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Thursday, June 16, 2016

Gluten Free Ma'amoul / Middle Eastern fruit-filled biscuit cookies (nut-free, with fig filling and vegan option)

Mmmmm... Ma'amoul, how I've missed you.

There were so many things that kept us apart for the last seven years, but I hung on to the memories of the good times we had. Back when I could eat both gluten and dates and nuts.  

I always wondered if there was some way we could make it work between us.

And now we have... 

In case you didn't know, maamoul is a Middle Eastern cookie / pastry / biscuit much like a fig newton. Except that they're usually filled with date or nut spread and made in a mold (don't worry, you can make them without a mold, too).

They're not too sweet, not too fatty, and go absolutely perfect with a cup of tea or Homemade Turkish Coffee.

I used to buy maamoul by the box-load. You can usually find them in places like Superstore, other major markets with a decent ethnic selection, or your local Middle Eastern / Persian market.

But those ones are glutinous and usually date-filled.  Since I can't have either, I finally managed to finagle a recipe for gluten free ma'amoul (also spelled maamoul by some).

There are also lovely molds you can buy to use. I couldn't actually find one locally, but you can order them online. I also suspect a mooncake mold would make beautiful maamoul

A little word of warning: Unlike many of my recipes, maamoul takes a bit of time to make, and a teeny bit of fiddly work. Once you get the hang of it, it's super easy, and I highly recommend turning on some music and doing this with friends or kids!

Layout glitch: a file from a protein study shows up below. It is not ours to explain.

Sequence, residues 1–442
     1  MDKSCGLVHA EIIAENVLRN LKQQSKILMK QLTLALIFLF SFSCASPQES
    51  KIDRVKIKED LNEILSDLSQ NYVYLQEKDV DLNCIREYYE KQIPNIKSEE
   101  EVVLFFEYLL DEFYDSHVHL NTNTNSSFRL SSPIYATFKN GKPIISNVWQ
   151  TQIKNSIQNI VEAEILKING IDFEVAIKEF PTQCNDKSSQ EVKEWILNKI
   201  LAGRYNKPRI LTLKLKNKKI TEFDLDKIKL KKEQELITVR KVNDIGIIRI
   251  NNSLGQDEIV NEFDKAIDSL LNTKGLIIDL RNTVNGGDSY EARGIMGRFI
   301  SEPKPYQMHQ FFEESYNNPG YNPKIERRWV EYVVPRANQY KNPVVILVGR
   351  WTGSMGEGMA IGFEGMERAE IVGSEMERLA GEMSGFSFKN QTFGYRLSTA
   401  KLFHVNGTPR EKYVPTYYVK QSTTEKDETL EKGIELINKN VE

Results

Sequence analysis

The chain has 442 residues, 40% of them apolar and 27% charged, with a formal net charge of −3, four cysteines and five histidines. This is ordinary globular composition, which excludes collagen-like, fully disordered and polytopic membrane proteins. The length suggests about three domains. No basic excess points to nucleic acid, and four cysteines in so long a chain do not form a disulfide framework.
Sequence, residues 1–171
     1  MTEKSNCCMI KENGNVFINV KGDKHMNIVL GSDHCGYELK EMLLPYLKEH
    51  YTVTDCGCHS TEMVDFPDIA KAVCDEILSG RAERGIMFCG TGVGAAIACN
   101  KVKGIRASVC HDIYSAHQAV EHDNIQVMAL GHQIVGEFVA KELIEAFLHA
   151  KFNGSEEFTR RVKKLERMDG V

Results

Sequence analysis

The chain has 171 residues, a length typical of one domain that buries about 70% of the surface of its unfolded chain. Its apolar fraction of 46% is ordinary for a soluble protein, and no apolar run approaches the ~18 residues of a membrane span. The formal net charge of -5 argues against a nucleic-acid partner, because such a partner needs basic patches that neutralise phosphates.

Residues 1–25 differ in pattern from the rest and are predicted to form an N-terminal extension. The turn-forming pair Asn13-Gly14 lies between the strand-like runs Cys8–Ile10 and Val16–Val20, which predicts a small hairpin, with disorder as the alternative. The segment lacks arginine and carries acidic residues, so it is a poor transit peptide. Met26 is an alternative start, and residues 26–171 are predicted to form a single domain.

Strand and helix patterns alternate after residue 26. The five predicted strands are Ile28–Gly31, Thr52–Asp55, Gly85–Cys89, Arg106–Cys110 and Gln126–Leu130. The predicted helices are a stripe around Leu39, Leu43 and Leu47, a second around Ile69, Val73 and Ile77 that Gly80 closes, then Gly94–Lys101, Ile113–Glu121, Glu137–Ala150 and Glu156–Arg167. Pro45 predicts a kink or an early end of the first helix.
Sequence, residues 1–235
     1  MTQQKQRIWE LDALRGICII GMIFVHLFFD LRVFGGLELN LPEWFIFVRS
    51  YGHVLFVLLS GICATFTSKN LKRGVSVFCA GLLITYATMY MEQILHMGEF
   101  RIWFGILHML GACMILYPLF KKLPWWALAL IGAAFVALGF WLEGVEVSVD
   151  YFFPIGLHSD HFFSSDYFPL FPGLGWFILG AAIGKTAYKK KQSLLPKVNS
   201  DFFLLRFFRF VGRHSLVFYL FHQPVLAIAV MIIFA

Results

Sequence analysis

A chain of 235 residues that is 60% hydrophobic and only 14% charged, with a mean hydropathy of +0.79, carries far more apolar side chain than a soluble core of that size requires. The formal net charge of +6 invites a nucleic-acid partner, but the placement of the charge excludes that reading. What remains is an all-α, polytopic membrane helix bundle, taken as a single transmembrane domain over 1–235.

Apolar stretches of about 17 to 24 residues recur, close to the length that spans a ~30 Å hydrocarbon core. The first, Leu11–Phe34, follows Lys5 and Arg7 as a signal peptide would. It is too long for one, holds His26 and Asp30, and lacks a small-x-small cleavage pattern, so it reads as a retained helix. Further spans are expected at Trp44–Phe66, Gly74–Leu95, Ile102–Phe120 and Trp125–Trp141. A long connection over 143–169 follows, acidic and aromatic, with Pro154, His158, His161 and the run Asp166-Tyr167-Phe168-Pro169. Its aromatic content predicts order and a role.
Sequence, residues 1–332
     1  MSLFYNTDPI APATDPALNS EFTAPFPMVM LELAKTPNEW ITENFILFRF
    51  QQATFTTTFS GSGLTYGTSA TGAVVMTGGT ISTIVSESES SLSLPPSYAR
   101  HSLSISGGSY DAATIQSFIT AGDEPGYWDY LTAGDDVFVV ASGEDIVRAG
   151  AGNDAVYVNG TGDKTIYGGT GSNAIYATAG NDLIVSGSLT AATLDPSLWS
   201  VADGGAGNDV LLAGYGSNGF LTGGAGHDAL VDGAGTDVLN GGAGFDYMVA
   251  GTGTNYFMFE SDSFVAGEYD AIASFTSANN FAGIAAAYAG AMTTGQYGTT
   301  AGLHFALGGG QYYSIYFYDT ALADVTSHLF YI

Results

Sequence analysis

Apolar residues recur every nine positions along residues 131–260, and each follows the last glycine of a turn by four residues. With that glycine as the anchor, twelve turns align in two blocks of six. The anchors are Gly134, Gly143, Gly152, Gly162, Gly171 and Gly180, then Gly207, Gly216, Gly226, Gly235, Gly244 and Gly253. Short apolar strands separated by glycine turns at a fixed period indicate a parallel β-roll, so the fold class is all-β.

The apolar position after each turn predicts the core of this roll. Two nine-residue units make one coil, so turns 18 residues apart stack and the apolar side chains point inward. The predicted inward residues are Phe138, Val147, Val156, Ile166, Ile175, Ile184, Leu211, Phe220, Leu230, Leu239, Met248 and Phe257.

If you want to make these with dried dates instead of figs, you can simply substitute the dates for the figs in the recipe.

Here's my pictorial on how to make ma'moul: (recipe below)

(Sorry, some of these were taken inside, at night, with greasy fingers, and then I photoshopped the bejeezus out of them)

Get yourself some dried figs, available at most ethnic stores or large markets, and blend into filling

Divide the dough and roll into balls (WHY do my hands always look so enormous and hideous in photos?!!)

Divide filling into an equal amount of balls, flatten dough ball and place filling in centre

Work dough up around filling to encase it completely

Flatten ball into a puck shape, or a an oval (see below for ovals)

Press thumb into centre and prick with a fork in a decorative design, if desired

Pucks and ovals, side by side on parchment-lined baking sheet

Bake and dust with icing powder, if desired. I ended up with twenty-one in total.

Look at that gorgeous filling, and biscuit-like / shortbread surrounding! Sooooo good.

 Ingredients for Gluten Free Ma'amoul (makes approximately 20-21 cookies) vegan option

Fig or Date Filling

0.5 lbs (approx. 225-250 grams) dried dates or figs
2 1/2 Tbsp water or milk
2 tsp orange blossom water (optional, but so good)

1/8 tsp salt
1/4 tsp ground cinnamon
1/4 tsp ground nutmeg
1/8 tsp ground ginger
1/8 tsp ground cloves

Maamoul Dough

1 1/4 cup brown or white rice flour
3/4 cup tapioca starch
1 1/4 tsp xanthan gum
1 Tbsp sugar
1/4 tsp salt
1 tsp baking powder

1/2 cup + 2 Tbsp chilled, unsalted butter (or vegan butter or coconut oil - which will change the flavour)
2 Tbsp olive oil
1 tsp orange blossom water (or vanilla, if preferred)